by Inoljt, Tue Apr 17, 2012 at 01:37:29 AM EDT
By: inoljt, http://mypolitikal.com/
It was late in the night of Tuesday March 13th, 2012. For most people it was just another normal day.
For Americans in three states, however, it was election day. The good folk of Alabama, Hawaii, and Mississippi were voting for the Republican 2012 presidential nominee.
Alabama and Mississippi voted first. Republican frontrunner Mitt Romney had a rough time in both primaries, coming third in both. Late at night, the returns from Hawaii started coming in. Romney did better there: he held a small but consistent lead as the precincts started trickling in. By 1:19 a.m. Pacific Time, Romney held 35% of the vote to second place Rick Santorum’s 29%. Things looked good, but not great, for Romney.
Romney won an astounding 92.5% of the regular ballots in this precinct. His lead jumped to 46%. The Republican ended the night winning Hawaii by a landslide, taking 44.4% of the vote to second place Rick Santorum’s 28.1%
The picture above indicates the caucus results in Laie, Hawaii. These were held in Laie Elementary School. You can actually take a look at list of caucus locations at the Hawaii Republican Party’s website; Laie is near the bottom. Laie is located on Hawaii’s main island, Oahu. Specifically, it’s on the island’s north shore.
Laie is one of the most conservative places in Hawaii. In the 2008 presidential election Republican John McCain won three precincts in Hawaii. One of these was Laie.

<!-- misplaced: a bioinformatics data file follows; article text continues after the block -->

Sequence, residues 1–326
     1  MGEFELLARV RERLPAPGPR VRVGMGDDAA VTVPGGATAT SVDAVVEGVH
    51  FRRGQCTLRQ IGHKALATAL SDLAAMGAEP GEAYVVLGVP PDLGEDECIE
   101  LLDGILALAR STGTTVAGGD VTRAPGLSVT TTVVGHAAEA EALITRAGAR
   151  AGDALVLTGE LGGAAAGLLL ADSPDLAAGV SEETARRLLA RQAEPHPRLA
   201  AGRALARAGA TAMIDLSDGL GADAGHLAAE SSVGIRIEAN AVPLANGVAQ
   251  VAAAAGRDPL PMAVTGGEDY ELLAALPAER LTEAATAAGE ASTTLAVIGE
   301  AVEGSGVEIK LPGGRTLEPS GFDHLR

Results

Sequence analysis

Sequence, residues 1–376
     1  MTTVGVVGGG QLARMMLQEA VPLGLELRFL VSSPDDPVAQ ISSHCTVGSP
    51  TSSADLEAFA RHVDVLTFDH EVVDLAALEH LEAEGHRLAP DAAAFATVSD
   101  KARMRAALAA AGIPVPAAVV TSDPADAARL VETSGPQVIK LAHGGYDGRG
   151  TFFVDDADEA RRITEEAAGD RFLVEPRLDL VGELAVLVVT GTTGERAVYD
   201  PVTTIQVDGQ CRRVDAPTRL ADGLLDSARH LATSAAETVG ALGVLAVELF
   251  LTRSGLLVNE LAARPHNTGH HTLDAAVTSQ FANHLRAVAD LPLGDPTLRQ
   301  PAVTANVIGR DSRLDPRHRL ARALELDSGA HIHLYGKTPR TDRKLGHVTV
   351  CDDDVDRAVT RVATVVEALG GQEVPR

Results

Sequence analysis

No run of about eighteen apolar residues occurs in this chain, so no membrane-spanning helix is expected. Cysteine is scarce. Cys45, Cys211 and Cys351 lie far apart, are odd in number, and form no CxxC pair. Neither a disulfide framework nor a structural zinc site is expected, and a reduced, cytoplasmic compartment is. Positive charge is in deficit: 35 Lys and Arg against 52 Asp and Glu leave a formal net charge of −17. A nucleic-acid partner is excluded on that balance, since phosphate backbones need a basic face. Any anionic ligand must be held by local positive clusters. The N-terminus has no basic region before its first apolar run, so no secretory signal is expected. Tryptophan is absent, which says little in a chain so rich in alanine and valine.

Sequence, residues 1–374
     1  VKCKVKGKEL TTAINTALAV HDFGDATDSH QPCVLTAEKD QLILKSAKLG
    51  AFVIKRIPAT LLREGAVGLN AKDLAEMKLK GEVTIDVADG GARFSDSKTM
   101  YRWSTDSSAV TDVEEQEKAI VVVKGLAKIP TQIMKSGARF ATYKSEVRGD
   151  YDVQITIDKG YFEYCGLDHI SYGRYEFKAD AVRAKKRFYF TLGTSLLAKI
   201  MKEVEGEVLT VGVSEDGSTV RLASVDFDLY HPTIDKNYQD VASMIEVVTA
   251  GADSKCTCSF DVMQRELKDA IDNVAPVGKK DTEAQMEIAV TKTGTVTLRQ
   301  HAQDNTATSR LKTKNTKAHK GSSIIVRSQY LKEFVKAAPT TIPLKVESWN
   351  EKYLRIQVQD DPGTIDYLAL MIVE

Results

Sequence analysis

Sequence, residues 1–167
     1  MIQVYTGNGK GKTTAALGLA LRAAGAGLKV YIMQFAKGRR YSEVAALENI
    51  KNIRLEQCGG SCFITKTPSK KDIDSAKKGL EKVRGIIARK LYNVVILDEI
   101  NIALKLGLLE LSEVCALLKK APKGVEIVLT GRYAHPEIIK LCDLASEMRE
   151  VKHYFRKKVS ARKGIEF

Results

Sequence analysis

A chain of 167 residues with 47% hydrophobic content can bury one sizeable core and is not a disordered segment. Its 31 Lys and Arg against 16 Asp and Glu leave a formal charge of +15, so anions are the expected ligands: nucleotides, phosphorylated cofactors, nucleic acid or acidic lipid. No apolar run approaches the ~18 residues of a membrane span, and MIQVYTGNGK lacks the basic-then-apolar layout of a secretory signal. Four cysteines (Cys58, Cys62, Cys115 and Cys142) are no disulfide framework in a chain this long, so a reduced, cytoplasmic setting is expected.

It was pretty close, however. John McCain took 50.0% of the vote, barely edging the 48.1% of the vote Obama took.
Laie is not the most populated place; 6,138 people live in the CDP that the Census uses for the area. 1,360,301 people live in Hawaii. So it’s about 0.45% of the population.
In the 2012 Hawaii Caucus, however, Laie dramatically overperformed its share of the population. In fact, the word dramatic is somewhat of an understatement. As the picture above indicates, 1,110 people cast regular ballots in Laie. In total, 10,288 Hawaiians participated in the caucuses. So Laie composed 10.9% of the votes cast in the caucus.
Without the votes from this one place alone, Romney would only have won 38.6% of the vote. His margin over Santorum would literally have been cut in half.
So why are the good folk of Laie so passionate about Romney, perhaps one of the least inspiring presidential candidates in recent history?
Defrauded by Gibson of its property in Lanai, the Church purchased 6,000 acres at Laie, on the island of Oahu, on 26 Jan. 1865. Soon thereafter, a colony, school and sugar factory were started.
Mormons in Laie voted overwhelmingly for a person of their fellow faith. Their support for Romney was almost certainly also a reaction to the hostility Romney has encountered amongst other Christians. This recalls the 80% of the Catholic vote JFK pulled in 1960, when many Protestants opposed him on religious reasons. Since then no politician has ever come close to that level of loyalty amongst Catholics.
The Mormon vote in Laie is reminiscent of the margins that Democrats often pull in inner-cities. It’s pretty stunning.
This result, however, is not actually that unique in the wider context of worldwide voting patterns. There is a long history of extremely polarized voting based on religious voting. For most of the 19th century in America, you could guess pretty accurately who somebody would vote for by their religion. In Nigeria Muslims in the north and Christians in the south consistently vote different ways. In Israel a similar divide occurs with Muslims and Jews.
In Hawaii, white and Asian Mormons in Laie ended up giving 93% of their vote to Mitt Romney. Put any group under a particular set of (usually adversarial) circumstances, and it end up giving 90+% support to a certain side in an election. Hawaii’s Republican caucus is a perfect example of this.